One of the main goals of the “Starfish 2030 Mission” is not only to solve the garbage problem, but also to create sustainable working methods for the many different professional fields that are directly related to the sea. In addition, there is too little public attention and research for these problems, which is why public relations initiatives and support for marine research are essential components of the mission. The five main goals of “Mission Starfish 2030”, which are represented by the five arms of the starfish on the logo, are the regeneration of marine and freshwater ecosystems, the decarbonisation of the oceans, an improvement in international cooperation in these topics, the cleaning of the oceans, and creating public awareness of these issues. These goals are to be achieved, among other things, with the creation of marine protection zones and environmental shipping regulations.
In the question and answer session following the presentation, the question was asked what restrictions the population would have to reckon with in order to achieve these goals. Ms. Meißner made it clear that it is always attempted to find a compromise between economic, social and ecological aspects. However, the COVID-19 pandemic has shown that rapid changes are possible, exemplified by the clear water in the Venice lagoon for the first time in decades. So after the crisis, in addition to stricter EU laws on plastic waste, these positive effects should be held onto.
After a question, Ms. Meißner went into more detail about the public relations work required and emphasised that, in addition to adults, children and young people must be informed about the importance of the oceans at a very early stage, preferably in kindergarten. For these and other goals, however, much more money is needed than is available, which is why one also has to think about alternative means of financing such as crowdfunding. One of the reasons for the shortage of money is the disagreement in the EU, in which countries without sea access such as Hungary or Slovakia are refusing funds to such initiatives due to a lack of interest in marine protection.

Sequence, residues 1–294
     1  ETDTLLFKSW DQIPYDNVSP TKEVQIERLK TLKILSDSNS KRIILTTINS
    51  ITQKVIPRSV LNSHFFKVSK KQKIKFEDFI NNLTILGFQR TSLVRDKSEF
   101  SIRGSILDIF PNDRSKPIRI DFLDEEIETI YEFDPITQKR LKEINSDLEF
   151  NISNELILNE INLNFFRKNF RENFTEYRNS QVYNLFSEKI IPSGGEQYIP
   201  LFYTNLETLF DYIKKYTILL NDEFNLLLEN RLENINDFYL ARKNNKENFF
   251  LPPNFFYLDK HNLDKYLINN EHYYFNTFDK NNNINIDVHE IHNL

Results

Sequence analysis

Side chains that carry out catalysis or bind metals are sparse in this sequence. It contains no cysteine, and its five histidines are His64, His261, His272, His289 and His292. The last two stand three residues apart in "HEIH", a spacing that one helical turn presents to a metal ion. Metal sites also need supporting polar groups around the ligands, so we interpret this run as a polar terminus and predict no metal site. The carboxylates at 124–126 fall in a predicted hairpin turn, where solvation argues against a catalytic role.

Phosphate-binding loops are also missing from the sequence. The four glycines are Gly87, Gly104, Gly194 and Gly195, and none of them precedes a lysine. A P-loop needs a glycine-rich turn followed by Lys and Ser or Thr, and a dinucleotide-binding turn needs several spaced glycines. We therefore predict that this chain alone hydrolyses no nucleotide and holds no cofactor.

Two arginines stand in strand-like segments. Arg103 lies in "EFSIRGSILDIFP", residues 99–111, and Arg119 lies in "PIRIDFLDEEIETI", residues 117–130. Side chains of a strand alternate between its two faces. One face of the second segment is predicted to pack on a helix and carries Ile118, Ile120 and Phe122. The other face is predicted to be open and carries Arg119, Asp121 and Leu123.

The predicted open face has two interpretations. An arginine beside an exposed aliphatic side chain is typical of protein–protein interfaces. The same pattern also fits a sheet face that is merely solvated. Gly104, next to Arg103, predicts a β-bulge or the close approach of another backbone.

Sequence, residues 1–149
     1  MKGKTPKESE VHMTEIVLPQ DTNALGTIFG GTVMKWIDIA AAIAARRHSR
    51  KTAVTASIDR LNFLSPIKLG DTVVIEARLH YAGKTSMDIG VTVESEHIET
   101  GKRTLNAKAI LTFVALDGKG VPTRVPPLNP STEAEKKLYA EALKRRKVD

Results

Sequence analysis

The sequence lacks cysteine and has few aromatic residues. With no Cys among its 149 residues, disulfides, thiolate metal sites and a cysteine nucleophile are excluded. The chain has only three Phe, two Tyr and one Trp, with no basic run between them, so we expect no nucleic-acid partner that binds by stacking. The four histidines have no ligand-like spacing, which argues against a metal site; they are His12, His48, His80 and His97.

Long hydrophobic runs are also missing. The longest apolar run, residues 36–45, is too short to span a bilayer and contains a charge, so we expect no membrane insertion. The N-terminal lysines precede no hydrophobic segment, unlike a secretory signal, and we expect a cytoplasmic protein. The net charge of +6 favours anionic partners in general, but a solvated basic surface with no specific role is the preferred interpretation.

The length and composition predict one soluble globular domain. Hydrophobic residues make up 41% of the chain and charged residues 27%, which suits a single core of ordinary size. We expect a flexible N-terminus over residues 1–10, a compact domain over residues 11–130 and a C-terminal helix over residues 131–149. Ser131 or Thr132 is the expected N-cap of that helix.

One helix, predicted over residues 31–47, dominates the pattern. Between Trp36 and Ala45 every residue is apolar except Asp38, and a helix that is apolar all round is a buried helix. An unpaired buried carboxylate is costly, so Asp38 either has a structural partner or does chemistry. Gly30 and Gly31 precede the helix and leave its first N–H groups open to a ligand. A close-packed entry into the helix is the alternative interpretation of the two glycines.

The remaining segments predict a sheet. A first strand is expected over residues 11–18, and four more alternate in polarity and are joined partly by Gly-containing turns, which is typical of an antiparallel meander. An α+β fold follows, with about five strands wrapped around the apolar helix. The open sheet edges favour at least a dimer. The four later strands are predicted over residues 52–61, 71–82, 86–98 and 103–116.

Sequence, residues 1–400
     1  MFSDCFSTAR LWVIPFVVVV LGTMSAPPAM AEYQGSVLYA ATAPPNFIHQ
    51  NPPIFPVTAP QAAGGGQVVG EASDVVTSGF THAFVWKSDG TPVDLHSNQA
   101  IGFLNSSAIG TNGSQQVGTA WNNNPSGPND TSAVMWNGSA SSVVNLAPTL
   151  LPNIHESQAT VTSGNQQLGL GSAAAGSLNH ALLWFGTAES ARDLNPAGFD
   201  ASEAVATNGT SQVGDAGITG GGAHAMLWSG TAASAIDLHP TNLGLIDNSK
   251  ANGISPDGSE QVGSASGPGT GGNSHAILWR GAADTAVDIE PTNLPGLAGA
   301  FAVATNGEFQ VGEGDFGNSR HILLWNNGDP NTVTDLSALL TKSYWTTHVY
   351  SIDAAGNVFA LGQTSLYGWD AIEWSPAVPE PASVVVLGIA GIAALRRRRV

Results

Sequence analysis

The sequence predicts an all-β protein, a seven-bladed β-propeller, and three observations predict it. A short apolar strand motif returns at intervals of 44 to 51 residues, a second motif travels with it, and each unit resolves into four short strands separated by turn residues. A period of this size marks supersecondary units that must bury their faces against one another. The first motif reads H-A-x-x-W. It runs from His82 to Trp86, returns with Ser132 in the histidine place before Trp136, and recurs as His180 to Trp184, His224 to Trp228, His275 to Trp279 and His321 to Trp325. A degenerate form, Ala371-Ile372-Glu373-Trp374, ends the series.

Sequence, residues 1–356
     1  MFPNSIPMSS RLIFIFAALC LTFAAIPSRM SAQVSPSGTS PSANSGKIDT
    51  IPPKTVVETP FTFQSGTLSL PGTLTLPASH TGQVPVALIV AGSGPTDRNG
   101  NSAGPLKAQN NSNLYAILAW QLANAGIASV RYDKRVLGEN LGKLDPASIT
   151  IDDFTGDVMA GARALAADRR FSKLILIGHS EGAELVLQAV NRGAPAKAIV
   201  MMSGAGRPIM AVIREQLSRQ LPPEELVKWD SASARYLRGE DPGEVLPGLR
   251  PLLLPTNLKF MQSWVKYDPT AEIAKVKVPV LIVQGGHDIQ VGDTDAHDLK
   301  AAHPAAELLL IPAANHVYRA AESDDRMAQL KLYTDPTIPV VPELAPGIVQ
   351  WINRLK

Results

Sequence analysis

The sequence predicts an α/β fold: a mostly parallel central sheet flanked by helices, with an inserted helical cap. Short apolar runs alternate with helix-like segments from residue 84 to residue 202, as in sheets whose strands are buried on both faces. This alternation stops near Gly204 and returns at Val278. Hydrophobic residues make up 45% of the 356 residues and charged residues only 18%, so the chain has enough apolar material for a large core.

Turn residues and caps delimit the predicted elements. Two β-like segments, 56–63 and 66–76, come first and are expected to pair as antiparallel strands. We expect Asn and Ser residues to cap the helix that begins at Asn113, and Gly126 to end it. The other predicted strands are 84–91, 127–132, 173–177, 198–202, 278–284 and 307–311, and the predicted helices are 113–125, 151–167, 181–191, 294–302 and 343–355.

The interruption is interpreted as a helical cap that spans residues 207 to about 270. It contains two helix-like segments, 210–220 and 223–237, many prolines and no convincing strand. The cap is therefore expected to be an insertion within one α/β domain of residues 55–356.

Ms. Meißner replied to the question of how marine protection could be implemented in poorer parts of the world. Ms. Meißner replied that there are already initiatives in many African countries, but that available funds would also have to be used for technology transfers in order to find viable alternatives to environmentally harmful ways of working and living.
When asked what the “material of the future” after plastic will be, she replied that there are already biodegradable plates and cutlery made from corn, among other things, but that innovative solutions for the plastic problem are currently being researched at full speed. Some of these inventions are aimed at the use and recycling of plastic particles from the oceans, so not only the causes of the littering of the oceans are addressed, but they are also cleaned. At this point, the conversation turned to “The Ocean Cleanup”, a company of the Dutchman Boyan Slat, which is committed to freeing the oceans from plastic waste. Ms. Meißner named many other organisations that have similar plans, of which some of them are no longer in the development phase. According to her, start-up companies are not only supported by conventional subsidies, but the funds for marine research are largely linked to the implementation of developed ideas with entrepreneurs.
In conclusion, Gesine Meißner remarked that marine protection is a participatory mission and that every individual, no matter how small, can contribute to it. Ms. Stampf-Sedlitzky added that there was no more time to lose. Miss Dr. Winterstein ended the conference and invited the conference participants to a conference on April 12, 2021 on the subject of garbage on the African continent.